Building Alaska's Longest Single-Span Bridge: The Sterling Highway MP 45-60 project addresses congestion and increases safety.

Author:Joyal, Brad

For nearly four decades, there have been conversations about upgrading the Sterling Highway between Sunrise Inn and the eastern entrance to Skilak Lake Road near Cooper Landing. Those upgrades are now underway as a part of the Department of Transportation and Public Facilities (DOT&PF) Sterling Highway MP 45-60 project, a development with an estimated cost of $375 million and a projected completion date of 2025. "It's hard to pin down the actual date, but I've heard 1982, or even maybe before, is when the first go at this environmental impact study started," says DOT&PF Project Manager Sean Holland. "We were finally able to get a record of decision in May 2018 that's letting us move forward with the Juneau Creek Alternative."

DOT&PF considered five alternatives--four build alternatives and a No Build option. In the end, the Juneau Creek Alternative was chosen and will include a new alignment section that will start at MP 46.2 and end at MP 56. A part of the project's new alignment section will be the construction of the Juneau Creek Bridge, which as planned will be the longest single-span bridge in Alaska.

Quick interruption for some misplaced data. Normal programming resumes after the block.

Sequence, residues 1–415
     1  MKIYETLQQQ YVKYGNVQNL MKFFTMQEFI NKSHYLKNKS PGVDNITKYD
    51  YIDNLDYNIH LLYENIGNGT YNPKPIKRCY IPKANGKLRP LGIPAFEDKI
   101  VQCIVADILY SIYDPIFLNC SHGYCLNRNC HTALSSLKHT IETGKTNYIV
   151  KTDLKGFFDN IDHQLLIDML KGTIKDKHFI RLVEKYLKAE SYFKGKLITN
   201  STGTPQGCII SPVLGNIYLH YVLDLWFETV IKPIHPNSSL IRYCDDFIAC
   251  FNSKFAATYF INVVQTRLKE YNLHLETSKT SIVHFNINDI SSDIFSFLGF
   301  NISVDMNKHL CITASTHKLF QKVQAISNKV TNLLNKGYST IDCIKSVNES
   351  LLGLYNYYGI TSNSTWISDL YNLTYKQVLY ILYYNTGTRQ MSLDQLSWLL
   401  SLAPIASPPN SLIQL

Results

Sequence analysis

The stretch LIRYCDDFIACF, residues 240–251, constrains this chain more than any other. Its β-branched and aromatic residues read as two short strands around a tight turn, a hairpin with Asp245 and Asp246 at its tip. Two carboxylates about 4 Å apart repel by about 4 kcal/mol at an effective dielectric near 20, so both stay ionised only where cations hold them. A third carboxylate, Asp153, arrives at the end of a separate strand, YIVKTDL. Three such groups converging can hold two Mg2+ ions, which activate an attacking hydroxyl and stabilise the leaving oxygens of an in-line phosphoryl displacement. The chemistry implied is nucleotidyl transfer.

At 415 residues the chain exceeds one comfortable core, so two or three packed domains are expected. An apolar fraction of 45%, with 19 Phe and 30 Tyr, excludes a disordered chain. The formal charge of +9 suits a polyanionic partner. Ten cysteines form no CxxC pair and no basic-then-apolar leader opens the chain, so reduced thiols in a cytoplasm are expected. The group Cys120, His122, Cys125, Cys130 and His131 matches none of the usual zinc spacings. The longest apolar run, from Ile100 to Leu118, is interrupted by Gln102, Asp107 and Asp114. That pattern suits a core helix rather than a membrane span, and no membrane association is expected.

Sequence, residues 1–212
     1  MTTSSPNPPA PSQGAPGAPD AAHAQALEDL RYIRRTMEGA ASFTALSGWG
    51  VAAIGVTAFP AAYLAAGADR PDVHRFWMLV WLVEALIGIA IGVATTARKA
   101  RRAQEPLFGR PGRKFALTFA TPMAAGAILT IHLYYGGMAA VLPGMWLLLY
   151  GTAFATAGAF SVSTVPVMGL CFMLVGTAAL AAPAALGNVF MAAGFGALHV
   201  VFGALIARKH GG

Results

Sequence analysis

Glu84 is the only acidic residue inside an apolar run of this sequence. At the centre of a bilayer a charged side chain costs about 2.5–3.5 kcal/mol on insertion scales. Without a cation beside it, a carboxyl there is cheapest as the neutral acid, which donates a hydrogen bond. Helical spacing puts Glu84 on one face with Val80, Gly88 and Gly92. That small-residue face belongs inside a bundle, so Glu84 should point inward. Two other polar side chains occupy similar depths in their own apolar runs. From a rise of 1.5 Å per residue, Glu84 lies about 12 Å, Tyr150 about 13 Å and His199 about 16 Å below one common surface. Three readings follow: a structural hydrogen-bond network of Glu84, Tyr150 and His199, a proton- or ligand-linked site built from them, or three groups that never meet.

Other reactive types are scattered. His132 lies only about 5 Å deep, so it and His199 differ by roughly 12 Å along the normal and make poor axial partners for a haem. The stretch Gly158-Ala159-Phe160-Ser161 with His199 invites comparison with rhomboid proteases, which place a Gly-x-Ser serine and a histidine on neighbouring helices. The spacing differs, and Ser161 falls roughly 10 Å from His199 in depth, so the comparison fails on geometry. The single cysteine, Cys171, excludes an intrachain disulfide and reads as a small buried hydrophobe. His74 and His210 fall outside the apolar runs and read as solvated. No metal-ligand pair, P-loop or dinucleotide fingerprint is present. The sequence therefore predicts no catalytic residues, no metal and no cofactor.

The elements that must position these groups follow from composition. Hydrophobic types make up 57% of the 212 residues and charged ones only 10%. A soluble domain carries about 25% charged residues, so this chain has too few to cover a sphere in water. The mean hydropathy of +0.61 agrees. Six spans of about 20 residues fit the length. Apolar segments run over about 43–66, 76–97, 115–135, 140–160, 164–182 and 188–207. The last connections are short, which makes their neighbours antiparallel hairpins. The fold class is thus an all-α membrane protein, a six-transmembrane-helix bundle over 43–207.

"It's going to be a bridge that, depending on geology, will have a clear span of 450 to 825 feet," says Holland.

What the Project Will Solve

This project will address three problems with the Sterling Highway MP 45-60. It will reduce congestion; meet current highway design standards; and increase safety measures along the roadway. Holland notes that traffic jumps from about 1,000 vehicles traveling the highway per day in the winter to about 8,000 during the peak of dipnetting season in August. He estimates the new bypass will redirect the bulk of traffic and reduce congestion. "It should have a design speed of 60 miles per hour and a posted minimum of 55," Holland says. "Right now, we're slowing people down to 35. It's not uncommon--that occurs in other parts of the state--but it's not really a compatible use to have a highway go through a small community like that. This bypass is going to be able to redirect an estimated 70 percent of the traffic that goes through Cooper Landing now to the Juneau Creek Alignment."

In order to meet current highway design standards, Holland and DOT&PF are focused on creating 12-foot-wide lanes and 8-foot-wide shoulders. "The highway is classified as a rural highway--there are no shoulders there," says Holland. "A rural highway has a minimum of a 6-foot shoulder and preferably an 8-foot shoulder. Fifty...

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